Patrick, Martin Luther (2009)
M.Phil. thesis, University of Birmingham.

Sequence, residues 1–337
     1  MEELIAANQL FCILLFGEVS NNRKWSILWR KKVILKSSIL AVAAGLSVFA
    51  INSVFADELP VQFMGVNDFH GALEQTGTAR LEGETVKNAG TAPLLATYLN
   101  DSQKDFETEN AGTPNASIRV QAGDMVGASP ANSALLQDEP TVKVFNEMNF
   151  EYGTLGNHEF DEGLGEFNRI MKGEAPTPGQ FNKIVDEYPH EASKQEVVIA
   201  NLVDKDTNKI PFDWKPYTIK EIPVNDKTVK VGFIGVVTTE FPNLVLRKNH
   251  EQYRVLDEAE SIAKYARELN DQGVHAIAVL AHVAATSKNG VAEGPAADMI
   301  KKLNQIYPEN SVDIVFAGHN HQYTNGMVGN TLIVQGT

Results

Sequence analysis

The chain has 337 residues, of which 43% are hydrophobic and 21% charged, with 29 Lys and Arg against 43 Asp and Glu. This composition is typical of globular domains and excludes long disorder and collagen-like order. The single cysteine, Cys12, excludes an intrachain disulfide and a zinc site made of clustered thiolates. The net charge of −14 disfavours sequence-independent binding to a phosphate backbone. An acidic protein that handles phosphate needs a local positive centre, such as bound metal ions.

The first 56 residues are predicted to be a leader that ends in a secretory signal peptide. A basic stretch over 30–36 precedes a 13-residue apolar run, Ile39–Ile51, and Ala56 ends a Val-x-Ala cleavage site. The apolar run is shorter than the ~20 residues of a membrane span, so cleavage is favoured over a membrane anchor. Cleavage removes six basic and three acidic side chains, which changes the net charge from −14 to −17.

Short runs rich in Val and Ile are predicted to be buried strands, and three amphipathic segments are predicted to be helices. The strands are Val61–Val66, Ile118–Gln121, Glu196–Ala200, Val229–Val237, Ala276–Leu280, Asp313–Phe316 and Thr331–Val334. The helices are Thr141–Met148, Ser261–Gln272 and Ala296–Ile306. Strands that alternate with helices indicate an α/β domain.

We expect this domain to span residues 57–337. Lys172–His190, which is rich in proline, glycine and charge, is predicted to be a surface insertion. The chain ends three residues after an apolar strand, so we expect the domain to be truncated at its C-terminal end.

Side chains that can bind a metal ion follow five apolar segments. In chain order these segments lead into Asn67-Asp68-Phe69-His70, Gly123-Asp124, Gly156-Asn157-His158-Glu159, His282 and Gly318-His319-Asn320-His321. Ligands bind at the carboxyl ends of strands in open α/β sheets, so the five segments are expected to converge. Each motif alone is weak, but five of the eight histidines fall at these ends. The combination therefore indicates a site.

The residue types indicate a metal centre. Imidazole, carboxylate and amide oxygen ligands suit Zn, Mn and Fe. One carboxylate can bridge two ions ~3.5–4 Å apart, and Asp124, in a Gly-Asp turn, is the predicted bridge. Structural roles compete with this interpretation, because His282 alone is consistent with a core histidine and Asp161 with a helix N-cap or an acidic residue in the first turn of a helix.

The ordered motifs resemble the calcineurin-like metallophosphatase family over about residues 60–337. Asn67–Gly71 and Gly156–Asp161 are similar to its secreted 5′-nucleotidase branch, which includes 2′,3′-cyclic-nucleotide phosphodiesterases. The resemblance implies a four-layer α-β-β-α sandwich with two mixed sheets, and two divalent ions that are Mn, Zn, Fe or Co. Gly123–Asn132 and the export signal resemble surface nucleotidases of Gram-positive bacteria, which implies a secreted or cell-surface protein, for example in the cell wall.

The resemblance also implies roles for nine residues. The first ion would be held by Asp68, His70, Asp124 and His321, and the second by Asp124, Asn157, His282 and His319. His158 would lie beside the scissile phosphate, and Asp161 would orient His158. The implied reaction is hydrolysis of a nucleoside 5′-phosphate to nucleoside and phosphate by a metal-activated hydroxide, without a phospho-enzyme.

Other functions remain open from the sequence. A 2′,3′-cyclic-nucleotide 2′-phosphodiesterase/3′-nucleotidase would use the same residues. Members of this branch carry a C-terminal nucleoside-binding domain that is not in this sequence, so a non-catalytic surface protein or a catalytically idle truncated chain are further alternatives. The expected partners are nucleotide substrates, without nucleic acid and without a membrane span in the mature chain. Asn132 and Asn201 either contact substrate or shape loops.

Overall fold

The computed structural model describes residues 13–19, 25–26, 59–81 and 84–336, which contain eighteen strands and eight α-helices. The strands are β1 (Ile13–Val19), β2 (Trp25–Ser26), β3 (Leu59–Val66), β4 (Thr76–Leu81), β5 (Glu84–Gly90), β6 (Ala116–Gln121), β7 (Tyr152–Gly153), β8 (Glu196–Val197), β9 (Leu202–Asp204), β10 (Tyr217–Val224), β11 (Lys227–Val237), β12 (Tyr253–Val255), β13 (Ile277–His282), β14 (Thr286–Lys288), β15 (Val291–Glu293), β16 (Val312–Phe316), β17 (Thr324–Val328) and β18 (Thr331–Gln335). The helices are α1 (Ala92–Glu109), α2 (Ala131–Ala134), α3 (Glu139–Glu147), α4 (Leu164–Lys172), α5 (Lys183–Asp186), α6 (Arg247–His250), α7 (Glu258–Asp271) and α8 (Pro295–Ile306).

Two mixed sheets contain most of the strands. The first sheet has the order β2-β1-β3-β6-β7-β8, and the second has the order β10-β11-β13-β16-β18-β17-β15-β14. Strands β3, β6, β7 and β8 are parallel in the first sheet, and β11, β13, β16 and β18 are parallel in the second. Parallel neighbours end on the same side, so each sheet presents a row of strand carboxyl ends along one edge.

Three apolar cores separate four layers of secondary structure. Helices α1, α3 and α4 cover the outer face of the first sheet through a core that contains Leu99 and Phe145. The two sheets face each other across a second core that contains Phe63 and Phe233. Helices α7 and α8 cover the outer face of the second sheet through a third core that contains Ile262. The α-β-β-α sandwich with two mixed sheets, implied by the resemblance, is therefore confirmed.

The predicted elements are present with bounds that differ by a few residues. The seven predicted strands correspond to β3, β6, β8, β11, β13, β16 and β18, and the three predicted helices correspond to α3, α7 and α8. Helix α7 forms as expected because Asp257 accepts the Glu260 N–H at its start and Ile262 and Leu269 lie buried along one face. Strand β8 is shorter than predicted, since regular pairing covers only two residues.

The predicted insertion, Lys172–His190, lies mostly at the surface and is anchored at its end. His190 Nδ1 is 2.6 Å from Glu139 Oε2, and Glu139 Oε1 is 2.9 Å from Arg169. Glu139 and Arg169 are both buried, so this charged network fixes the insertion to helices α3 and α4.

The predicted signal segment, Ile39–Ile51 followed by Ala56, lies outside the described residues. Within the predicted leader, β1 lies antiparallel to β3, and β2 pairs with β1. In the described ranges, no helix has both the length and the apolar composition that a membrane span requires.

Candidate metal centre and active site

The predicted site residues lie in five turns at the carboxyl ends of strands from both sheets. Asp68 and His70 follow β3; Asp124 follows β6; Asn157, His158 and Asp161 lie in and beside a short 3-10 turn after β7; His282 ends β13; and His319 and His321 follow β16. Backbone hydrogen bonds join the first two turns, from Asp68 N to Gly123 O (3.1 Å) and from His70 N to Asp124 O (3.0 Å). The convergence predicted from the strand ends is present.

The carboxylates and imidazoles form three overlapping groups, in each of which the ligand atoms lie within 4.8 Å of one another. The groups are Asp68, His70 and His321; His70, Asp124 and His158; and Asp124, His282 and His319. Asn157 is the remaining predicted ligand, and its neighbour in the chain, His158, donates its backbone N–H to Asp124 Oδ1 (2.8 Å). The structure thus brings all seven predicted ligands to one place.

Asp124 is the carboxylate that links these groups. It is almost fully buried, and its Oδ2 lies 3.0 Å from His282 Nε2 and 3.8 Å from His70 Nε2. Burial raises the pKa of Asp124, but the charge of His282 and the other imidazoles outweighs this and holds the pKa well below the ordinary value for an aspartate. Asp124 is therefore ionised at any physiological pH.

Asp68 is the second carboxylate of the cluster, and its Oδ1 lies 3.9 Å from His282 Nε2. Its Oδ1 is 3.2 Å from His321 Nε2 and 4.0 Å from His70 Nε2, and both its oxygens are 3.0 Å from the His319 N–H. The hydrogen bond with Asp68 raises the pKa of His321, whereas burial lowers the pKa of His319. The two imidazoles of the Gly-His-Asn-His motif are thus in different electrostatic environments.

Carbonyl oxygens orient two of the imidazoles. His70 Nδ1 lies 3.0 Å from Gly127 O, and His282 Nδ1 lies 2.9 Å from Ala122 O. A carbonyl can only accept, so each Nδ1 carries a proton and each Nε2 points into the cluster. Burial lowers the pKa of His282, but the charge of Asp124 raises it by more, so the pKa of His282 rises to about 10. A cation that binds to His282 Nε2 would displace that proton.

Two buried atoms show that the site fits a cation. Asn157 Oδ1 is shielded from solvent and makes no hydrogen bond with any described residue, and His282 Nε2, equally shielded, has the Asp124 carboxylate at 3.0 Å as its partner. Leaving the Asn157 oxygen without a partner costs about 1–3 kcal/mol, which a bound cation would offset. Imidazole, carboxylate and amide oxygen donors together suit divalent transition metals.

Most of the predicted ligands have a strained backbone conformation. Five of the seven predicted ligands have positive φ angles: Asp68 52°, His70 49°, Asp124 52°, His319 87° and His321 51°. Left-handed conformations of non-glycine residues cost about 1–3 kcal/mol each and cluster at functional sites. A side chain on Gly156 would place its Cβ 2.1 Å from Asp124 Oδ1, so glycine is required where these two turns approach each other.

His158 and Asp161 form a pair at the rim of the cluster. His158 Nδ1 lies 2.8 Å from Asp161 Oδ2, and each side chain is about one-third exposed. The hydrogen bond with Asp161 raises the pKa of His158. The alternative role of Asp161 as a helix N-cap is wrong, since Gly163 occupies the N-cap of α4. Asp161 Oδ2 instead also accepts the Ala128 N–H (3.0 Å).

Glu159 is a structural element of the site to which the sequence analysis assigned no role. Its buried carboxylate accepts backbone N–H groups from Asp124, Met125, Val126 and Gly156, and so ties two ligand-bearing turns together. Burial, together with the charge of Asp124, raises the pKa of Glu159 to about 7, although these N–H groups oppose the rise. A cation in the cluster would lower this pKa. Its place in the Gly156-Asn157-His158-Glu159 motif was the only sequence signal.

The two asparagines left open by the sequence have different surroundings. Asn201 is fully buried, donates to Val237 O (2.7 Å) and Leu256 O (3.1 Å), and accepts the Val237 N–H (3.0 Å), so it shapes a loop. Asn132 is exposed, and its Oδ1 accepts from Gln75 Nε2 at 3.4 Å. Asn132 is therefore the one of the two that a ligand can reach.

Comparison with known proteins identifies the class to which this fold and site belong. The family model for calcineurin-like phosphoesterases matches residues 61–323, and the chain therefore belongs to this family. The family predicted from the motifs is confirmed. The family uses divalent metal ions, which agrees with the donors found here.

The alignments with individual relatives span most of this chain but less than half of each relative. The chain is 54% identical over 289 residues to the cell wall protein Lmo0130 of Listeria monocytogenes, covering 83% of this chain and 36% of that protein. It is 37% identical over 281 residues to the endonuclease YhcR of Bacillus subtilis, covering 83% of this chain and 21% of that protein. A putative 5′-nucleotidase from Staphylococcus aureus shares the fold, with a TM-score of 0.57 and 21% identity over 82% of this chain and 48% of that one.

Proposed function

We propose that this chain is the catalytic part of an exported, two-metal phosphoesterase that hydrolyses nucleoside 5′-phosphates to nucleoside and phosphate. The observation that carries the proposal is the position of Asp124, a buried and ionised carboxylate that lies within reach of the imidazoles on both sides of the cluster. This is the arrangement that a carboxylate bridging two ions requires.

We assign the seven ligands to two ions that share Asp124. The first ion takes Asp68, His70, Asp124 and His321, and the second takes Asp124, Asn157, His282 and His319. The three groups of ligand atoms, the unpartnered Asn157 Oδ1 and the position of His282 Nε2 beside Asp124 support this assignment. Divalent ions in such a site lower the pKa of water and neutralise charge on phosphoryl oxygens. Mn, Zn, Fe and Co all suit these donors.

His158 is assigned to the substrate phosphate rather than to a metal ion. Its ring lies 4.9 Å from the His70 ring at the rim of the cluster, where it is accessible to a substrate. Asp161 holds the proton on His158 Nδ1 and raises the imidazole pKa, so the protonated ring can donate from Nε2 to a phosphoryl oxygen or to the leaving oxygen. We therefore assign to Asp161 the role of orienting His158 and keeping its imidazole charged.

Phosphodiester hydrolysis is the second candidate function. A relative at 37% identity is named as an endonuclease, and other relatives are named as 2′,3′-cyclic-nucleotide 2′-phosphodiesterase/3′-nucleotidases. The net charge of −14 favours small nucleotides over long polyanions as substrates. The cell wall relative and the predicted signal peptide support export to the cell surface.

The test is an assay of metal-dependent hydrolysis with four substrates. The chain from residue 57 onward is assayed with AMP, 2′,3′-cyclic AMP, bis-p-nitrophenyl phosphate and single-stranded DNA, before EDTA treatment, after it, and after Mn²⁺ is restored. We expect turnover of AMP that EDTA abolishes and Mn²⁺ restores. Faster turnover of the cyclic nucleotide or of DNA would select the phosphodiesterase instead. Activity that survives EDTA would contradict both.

The thesis examines how postclassical American film invents Black male characters. It uses Levi-Strauss and Barthes’ methods of analyzing myth and critiques hegemonic authorship through Jung’s work on archetypes in the collective unconscious and the ‘shadow’. Using Othello as a prototype character, I examine how he became an archetype that manifests two perceptions of Black characters in the collective unconscious. I define one as Othellophobia; a threat to the White supremacist Ego that imagines re/enslavement by Islamic/Blacks and enslavement by African/Americans. I define the other as Othellophilia; whereby the Black character is inscribed through a humanist perception of Othello and the racial equality of Black men whose racial heritage and religion is respected. Four films: Sweet Sweetback’s Baadasssss Song, 1971, A Soldier’s Story, 1984, Brother to Brother, 2004 and Collateral 2004, are studied and critiqued to contests the myth of the ‘Savage Mind’, ‘Savage Body’, the ‘Object of Desire’, and the ‘Clash of Wills’. Through the additional application of Black sexual politics and Black cultural theory I consider how Black progressive masculinities, Black gay identity politics and Afrocentric ‘ways of being ’ are currently determining multifarious Black masculinities and reclaiming the Black mind and body in postclassical film.
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